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  Business Start up Feasibility Model


The big question on the lips of most business start ups is: What sales do I need to make? (often this is accompanied by do I have the selling skills to make these sales?)


The model below will help you establish your required sales level.  It will provide you with a framework to help you determine some key questions you need to ask and some clues about finding the answers


Where do I start?


  What return do you want from the business?

The real starting point is goal setting. What return do you want from the business?  This return should be in both financial and non financial terms.  The model will only treat the financial returns but you will need to factor in the non financial aspects.  These non financial aspects could include such things as: the opportunity to meet people, a sense of achievement, the opportunity to make the world a better place, travel (or not having to travel). It is good practice to make a list of all the non financial returns you can get from the business.




This is possible also a good time to consider what you are prepared to commit to the business, especially in terms of you time.


The return you will need from the business will depend upon many factors, especially if it is a full time business or only a part time business.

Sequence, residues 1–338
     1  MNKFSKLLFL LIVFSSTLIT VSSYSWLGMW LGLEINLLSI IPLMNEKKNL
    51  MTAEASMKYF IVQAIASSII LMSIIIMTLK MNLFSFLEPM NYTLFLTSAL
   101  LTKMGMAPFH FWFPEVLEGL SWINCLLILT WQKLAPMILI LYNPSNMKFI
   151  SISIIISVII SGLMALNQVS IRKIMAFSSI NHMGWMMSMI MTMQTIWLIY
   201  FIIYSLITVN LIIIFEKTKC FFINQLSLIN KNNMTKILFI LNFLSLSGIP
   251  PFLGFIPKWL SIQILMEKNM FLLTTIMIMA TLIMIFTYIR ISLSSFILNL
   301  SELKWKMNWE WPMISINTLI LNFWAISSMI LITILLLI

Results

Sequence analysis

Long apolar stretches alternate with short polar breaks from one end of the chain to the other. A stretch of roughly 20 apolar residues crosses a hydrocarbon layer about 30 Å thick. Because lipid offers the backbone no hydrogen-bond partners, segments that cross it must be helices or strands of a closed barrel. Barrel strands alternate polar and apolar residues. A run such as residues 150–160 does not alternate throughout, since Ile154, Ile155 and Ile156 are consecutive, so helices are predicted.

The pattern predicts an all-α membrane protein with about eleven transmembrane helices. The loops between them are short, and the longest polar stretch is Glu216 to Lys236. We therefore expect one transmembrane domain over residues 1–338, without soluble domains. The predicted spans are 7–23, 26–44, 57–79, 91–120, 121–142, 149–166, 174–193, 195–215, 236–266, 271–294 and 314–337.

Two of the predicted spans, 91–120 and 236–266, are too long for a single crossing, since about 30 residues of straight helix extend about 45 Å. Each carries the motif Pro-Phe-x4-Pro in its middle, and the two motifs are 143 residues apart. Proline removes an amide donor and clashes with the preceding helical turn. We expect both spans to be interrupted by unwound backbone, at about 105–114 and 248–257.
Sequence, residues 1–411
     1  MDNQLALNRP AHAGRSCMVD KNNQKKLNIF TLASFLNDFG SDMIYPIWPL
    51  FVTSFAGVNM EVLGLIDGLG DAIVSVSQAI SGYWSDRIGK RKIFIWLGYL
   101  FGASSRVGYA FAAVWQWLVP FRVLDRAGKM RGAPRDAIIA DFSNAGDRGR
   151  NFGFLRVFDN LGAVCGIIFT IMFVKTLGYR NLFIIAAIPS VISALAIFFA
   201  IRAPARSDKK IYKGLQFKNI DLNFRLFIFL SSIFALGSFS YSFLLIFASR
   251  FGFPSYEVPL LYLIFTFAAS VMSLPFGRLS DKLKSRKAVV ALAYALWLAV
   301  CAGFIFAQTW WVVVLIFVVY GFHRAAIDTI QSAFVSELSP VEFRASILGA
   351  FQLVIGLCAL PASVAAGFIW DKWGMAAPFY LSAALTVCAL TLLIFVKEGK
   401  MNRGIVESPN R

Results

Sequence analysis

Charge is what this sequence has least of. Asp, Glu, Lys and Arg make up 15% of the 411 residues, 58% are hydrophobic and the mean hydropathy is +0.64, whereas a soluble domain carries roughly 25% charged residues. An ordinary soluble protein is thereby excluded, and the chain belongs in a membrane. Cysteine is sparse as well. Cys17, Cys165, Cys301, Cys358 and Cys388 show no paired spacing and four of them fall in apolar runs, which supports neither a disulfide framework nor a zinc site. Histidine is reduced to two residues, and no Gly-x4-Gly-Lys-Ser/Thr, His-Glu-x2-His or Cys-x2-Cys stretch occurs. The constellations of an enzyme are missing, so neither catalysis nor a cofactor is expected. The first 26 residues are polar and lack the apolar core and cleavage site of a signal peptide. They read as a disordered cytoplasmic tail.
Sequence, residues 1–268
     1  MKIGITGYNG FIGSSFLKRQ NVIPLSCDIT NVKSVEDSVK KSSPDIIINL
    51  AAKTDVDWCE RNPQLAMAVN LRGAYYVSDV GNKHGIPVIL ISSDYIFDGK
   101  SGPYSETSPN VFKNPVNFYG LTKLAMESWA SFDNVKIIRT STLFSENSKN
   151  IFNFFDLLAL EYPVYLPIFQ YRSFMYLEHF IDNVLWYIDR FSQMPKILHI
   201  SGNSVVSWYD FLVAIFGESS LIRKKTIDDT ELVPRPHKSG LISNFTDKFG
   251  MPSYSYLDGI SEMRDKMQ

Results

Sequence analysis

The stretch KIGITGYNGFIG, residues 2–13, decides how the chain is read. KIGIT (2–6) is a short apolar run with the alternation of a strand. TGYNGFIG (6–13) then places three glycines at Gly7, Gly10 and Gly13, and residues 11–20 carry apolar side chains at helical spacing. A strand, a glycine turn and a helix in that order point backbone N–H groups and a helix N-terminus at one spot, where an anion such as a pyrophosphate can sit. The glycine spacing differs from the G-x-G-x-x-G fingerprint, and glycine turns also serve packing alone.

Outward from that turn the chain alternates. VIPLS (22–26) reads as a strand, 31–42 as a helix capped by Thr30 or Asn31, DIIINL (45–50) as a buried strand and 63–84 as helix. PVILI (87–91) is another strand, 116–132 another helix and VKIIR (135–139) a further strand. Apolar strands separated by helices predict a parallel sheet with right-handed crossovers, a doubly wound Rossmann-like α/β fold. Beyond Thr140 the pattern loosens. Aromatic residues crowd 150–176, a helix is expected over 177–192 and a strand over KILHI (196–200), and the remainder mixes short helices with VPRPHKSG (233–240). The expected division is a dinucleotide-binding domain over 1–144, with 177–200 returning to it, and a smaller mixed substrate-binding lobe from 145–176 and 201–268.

Some methods for determining your desired return.

  • Pluck a figure out of the air

  • What would you be earning if employed by someone else

  • Determine how much income do you need to retire, and work back from that position

  • Determine what you need to invest in the business and decide on your rate of return for that business

  • A combination of the above

What will it cost to operate the business?

This comes to developing your expenses budget. Firstly lets distinguish between capital expenses and operating expenses. 


A capital item is something you expect to use up over a number of years.  For example a motor vehicle, a computer (unless of course you are a motor vehicle or computer salesmen).


Only a portion of the capital expenses find their way into your annual profit and loss statement, and that is by way of depreciation (a non cash operating expense).


An operating expense is something you expect to use up in the year.  For example your rent, salaries and insurance.


Your operating expenses have two components: Fixed and Variable.  Variable costs vary in proportion to your sales.  Typically these are referred to as your cost of sales. Fixed costs are not directly related to you sales (typically things such as costs related to Occupancy, Administration, Marketing, Depreciation, Travel).  To some extent as your accounting system becomes more sophisticated you are more able to apportion expenses directly to sales)


Lets look at this by way of an example:

Fred starts up a fruit and vegetable shop



Accountancy fees


Depreciation on Equipment